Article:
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MCD Productions have confirmed that US band, Brand New, have cancelled their upcoming gig in Dublin's Olympia Theatre this Thursday following allegations of sexual misconduct against lead singer, Jesse Lacey.

According to a recent report in Rolling Stone, in 2002, Jesse, who was 24 at the time, solicited nude images from teenage fans.

One victim asserted: "[Lacey] solicited nudes from me starting when I was 15 and he was 24. Manipulated the hell out of me, demanded specific poses/settings/clothing, demeaned me, and made it clear that my sexuality was the only thing I had to offer."

"I still breakdown and have panic attacks when people play Brand New in a bar," she added.

Jesse's response to the allegations was posted on Facebook over the weekend, and attempted to provide fans and followers with an explanation for his behaviour.

"The actions of my past have caused pain and harm to a number of people, and I want to say that I am absolutely sorry. I do not stand in defense of myself nor do I forgive myself. I was selfish, narcissistic, and insensitive in my past, and there are a number of people who have had to shoulder the burden of my failures," he wrote in the lengthy post.

"Early on in my life, I developed a dependent and addictive relationship with sex. I was scared of it, ashamed, and unwilling or unable to admit it, and so it grew into a consistent and terrible problem," he continued.


"Years ago, after admitting my habits and cheating to my then soon to be wife, I began to approach my problem in a serious way. I entered professional treatment, both in group therapy and individual counseling, and revealed the realities of what a terrible place I had gotten to in my life, and what a terrible impact my actions had on people."

While Jesse insists he has sought to seek treatment, he acknowledged that he must be held responsible for his past actions.

"The fact remains that none of us get to put a wall up between who we are and who we were. I need to earn forgiveness. Concepts like repentance, compassion, and love, are made real through actions, and it’s through my actions that I need to prove change."

"I hope I can show humility, and that the pain I have caused people can heal. I am not above reproach, and no one should be."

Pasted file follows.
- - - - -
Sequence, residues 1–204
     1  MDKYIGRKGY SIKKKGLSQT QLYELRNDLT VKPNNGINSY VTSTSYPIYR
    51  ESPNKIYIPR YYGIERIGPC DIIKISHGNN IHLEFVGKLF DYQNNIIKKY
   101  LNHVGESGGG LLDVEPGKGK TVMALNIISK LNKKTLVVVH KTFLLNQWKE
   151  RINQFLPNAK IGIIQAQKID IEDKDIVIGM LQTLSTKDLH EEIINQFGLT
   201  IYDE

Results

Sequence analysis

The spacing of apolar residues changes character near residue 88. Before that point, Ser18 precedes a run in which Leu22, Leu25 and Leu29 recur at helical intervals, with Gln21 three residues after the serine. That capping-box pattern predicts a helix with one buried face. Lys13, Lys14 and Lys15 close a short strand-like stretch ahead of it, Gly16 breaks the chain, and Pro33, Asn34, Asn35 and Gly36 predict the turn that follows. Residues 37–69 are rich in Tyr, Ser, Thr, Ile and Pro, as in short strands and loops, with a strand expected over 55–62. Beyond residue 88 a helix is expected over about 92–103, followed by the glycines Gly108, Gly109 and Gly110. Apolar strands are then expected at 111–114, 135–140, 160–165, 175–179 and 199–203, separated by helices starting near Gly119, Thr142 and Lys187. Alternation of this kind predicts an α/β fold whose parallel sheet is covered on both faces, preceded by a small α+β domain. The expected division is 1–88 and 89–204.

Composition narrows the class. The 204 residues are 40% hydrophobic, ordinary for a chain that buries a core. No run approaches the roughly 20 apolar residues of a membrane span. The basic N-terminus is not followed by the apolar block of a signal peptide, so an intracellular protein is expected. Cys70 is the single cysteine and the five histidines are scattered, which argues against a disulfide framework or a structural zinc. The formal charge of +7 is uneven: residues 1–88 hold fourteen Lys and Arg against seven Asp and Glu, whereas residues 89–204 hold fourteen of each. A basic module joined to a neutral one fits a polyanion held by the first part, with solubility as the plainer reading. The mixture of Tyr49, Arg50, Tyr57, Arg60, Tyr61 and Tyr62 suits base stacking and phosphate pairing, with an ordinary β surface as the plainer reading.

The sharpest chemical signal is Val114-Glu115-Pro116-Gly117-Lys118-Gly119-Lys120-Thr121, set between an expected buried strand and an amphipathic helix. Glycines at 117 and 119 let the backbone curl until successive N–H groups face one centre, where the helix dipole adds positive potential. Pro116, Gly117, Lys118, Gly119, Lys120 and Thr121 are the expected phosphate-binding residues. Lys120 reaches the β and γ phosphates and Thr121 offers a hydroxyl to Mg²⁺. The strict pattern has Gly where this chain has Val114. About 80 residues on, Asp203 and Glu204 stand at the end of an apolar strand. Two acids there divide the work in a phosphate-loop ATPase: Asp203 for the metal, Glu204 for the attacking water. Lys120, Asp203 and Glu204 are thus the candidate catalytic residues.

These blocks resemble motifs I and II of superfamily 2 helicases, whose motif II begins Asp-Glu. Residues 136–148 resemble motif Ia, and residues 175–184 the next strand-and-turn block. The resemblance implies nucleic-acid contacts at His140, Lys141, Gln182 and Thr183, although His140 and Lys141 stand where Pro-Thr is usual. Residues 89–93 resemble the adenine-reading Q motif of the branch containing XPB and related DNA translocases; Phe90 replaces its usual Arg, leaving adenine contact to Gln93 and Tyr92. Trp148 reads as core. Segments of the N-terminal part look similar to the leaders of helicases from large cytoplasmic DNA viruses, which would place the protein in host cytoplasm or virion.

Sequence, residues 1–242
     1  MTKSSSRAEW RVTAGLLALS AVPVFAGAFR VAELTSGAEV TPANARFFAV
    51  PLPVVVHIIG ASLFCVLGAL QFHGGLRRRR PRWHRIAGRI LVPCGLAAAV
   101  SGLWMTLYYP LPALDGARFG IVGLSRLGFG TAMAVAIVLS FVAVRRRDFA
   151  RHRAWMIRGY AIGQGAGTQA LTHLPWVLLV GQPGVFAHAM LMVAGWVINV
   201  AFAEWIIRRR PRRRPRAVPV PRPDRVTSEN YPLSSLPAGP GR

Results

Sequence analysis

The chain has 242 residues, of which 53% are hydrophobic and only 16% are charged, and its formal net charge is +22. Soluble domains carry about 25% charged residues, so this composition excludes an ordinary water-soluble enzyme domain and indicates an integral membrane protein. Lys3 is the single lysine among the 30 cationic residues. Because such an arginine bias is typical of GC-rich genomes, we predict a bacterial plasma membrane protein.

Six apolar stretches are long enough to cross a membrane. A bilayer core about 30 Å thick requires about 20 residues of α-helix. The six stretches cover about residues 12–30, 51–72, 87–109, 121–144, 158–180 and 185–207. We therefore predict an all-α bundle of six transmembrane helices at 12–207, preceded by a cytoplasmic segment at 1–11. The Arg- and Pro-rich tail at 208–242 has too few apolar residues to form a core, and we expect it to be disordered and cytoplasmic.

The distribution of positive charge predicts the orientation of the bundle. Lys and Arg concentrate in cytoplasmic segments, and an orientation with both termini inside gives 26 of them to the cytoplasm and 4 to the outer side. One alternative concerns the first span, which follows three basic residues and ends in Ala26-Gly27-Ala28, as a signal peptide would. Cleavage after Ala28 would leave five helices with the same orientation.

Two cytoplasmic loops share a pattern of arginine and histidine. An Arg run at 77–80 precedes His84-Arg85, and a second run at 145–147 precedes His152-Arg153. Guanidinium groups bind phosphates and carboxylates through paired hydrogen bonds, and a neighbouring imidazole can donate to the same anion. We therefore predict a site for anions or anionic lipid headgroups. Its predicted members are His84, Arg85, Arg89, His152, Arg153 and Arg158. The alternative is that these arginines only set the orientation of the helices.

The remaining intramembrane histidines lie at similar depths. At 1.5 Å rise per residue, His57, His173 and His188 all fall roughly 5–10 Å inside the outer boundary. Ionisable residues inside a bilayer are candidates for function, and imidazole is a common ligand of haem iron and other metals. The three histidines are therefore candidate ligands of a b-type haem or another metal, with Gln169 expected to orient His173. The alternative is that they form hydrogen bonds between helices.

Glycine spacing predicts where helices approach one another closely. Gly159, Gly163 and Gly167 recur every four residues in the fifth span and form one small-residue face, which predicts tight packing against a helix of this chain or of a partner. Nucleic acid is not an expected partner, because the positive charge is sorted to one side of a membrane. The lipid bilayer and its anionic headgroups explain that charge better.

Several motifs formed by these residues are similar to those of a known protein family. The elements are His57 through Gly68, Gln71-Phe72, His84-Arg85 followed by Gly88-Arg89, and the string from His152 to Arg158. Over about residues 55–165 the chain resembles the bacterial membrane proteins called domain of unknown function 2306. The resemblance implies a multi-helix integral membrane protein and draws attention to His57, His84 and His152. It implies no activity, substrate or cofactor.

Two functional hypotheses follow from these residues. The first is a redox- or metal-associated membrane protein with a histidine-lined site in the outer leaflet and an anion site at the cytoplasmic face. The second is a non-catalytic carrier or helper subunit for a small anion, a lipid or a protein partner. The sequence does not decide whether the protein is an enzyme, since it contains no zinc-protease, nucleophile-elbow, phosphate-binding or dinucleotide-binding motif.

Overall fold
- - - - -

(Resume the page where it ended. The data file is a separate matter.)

While Jesse's post has been liked 18,000 times since its upload, a number of social media users were quick to pour scorn on the supposed apology.

"This reeks of "poor me, I hurt people because I didn't know how to deal with my emotions." Who gives a f*ck? Plenty of people develop unhealthy relationships with sex in regards to their own emotional coping mechanisms and don't abuse young teenage girls," wrote one.

"Literally 0 mention of the fact the girl was 15 and you were 24? That's not just "compulsive cheating" is it? The problem has not been addressed at all," wrote another.

"I am working to shed all my narcissism…" writes a 7 paragraph post about himself, his family, his wife, his addiction with no mention of the victim or the fact she was underage. Right," added another.

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Comedian Louis CK faced allegations of sexual misconduct this week from five separate women. 

Now, the comedian has come forward with a statement admitting that the claims made by the women are true. 

While the victim's experiences differ, most reported that the inappropriate sexual behaviour from CK involved being forced to watch the comedian masturbate. 

'These stories are true,' he admits in the statement. 

'At the time, I said to myself that what I did was O.K. because I never showed a woman my dick without asking first, which is also true.'

'But what I learned later in life, too late, is that when you have power over another person, asking them to look at your dick isn’t a question. It’s a predicament for them.'

'The power I had over these women is that they admired me. And I wielded that power irresponsibly,' he continues. 

'I have been remorseful of my actions. And I’ve tried to learn from them. And run from them.'

'Now I’m aware of the extent of the impact of my actions. I learned yesterday the extent to which I left these women who admired me feeling badly about themselves and cautious around other men who would never have put them in that position.'